Job No. 1 for Blamer: Prove FCB's relevance

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Steve Blamer needs to figure out-fast-how Foote Cone & Belding is going to stay relevant as a worldwide agency network.

His arrival this week as president-CEO at FCB marks a homecoming for the California native. He launched his advertising career 26 years ago in the network's Chicago office on the Sunkist orange soda account.

Much has changed since he left. In 1979, FCB had 22 offices outside the U.S.; today, it has 163. Back then, it was independent and privately held; today it is owned by publicly traded Interpublic Group of Cos.

FCB is now the eighth-largest network in the U.S., in terms of traditional advertising revenue, according to Advertising Age, and has global billings of $8.7 billion. It has a presence in 110 countries around the world.


But the weaker of the global agency networks built in the last couple of decades are fighting to retain their relevance. Networks that have died in the last five years-Bates Worldwide or D'Arcy, Masius Benton & Bowles-or are floundering (FCB's sibling, Lowe, or WPP Group's Y&R) raise the question of how many worldwide networks are really necessary.

"FCB faces the identity crises of other big agencies," said one former FCB executive. "What are they? What do they stand for?"

Brendan Ryan, now FCB's chairman, knows the business has changed. "I'm not predicting the death of 30-second spots, but more and more, you'll see increased emphasis on digital, interactive and data. It is really much more of where our future is going to be."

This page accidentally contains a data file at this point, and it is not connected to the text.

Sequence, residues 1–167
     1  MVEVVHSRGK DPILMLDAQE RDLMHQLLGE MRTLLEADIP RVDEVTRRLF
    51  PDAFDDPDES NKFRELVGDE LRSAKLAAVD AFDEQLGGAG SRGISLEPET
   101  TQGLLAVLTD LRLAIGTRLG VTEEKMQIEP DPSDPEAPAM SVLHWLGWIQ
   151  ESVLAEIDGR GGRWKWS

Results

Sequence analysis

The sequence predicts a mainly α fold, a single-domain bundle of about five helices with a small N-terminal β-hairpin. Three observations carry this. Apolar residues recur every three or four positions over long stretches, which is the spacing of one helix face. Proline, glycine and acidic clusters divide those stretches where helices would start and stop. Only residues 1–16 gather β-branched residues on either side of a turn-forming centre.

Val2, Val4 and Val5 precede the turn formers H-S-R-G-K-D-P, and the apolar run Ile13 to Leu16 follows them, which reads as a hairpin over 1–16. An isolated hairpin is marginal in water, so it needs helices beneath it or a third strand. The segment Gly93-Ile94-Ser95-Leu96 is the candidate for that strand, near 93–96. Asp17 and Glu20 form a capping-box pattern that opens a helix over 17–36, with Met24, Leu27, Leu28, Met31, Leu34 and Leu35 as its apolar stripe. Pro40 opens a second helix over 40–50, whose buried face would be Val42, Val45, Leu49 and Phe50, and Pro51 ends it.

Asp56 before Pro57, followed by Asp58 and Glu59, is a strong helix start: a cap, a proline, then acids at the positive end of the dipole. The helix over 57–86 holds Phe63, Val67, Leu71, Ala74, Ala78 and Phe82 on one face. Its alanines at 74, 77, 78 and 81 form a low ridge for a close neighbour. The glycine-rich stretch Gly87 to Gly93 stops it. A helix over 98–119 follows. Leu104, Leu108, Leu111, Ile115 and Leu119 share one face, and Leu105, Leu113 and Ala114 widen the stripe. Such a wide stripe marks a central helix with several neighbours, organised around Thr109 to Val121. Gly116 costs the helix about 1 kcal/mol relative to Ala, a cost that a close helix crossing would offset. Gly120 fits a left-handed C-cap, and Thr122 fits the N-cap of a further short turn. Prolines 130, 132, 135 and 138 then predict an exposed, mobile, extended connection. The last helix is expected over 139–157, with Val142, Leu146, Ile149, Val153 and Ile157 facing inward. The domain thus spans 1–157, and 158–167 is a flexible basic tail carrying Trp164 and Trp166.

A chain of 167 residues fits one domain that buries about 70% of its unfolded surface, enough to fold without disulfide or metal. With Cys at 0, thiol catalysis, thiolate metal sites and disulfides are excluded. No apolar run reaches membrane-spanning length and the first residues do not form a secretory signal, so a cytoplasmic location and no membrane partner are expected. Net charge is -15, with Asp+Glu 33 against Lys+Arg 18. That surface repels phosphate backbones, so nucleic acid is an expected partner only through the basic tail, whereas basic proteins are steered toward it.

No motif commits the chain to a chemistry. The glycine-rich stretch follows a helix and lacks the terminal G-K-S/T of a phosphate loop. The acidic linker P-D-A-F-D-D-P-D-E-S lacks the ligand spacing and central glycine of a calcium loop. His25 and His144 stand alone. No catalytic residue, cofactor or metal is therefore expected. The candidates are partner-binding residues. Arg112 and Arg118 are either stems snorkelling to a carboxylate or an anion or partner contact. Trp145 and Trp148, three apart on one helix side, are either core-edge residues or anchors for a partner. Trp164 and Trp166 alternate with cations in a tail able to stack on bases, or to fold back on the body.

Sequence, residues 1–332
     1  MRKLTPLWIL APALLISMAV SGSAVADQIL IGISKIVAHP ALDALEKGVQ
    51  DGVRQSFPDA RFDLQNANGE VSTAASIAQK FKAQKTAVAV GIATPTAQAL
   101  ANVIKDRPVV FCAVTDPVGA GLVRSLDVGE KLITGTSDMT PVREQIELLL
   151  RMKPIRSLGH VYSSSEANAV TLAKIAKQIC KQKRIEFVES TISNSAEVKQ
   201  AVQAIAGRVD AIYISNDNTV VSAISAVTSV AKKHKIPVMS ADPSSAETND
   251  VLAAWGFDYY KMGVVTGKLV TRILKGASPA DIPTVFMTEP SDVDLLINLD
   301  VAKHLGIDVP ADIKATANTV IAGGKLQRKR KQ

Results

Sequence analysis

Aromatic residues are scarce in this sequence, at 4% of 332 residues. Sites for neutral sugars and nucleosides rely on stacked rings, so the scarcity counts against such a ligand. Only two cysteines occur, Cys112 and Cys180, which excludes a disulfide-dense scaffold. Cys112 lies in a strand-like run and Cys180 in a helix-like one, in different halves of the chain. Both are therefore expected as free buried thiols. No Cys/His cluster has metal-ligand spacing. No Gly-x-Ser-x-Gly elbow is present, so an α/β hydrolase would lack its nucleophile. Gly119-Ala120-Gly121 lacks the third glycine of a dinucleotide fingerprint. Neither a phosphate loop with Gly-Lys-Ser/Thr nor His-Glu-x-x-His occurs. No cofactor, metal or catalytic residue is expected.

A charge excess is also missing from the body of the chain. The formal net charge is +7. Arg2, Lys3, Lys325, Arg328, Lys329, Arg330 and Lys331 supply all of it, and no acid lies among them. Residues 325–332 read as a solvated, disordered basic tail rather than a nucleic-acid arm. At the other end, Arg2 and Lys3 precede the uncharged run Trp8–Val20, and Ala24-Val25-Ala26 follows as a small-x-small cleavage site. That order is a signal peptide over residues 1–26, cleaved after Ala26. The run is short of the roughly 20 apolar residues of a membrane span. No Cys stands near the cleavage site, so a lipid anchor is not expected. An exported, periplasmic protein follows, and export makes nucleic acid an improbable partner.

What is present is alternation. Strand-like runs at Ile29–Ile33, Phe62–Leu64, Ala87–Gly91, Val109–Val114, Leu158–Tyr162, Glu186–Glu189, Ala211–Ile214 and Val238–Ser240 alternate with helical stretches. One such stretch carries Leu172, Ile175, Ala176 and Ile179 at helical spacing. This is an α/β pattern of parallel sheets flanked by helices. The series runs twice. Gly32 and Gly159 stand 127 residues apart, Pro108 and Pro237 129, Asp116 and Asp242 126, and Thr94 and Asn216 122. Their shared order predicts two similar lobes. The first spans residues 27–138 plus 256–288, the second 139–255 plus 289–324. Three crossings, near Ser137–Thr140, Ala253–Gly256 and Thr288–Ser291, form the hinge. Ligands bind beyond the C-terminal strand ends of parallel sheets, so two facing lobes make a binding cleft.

FCB has a foundation in direct and digital with FCBi, which started in 2000. But the unit, which operates in 28 countries, got a global leader only this past January, when Pamela Larrick shifted within Interpublic from McCann WorldGroup's MRM Partners to become chairman-CEO.

One rival said FCBi must gain mass, in employees and geographic presence, if it wants to be a threat to giants like OgilvyOne or Wunderman. "In today's market, quantity is quality," said the executive.


In many ways, outside America's borders, FCB's network is still relatively young. Until about a decade ago, the agency expanded internationally through an alliance with Publicis Groupe. When that ended in 1996, FCB management bought stakes in agencies around the world. Mr. Ryan calls it a priority to attract more business from more global clients.

In New York, Chicago, San Francisco and Irvine-the agency's primary locations-Mr. Blamer must "break down the silos between the offices and within the offices," said the ex-FCB'er. Another predicts San Francisco, which in the 1980s was one of the proudest offices thanks to work for now-departed client Levi's, will be shuttered. "He doesn't have the emotional attachment to San Francisco others had," said the executive.

"It's premature to speculate what Steve is going to do," said an FCB spokeswoman.

contributing: jim arndorfer and alice z. cuneo

Steve Blamer

* Blamer began his advertising career in 1979 at FCB, then an indie agency

* An exec familiar with FCB says Blamer must "break down silos between the offices"

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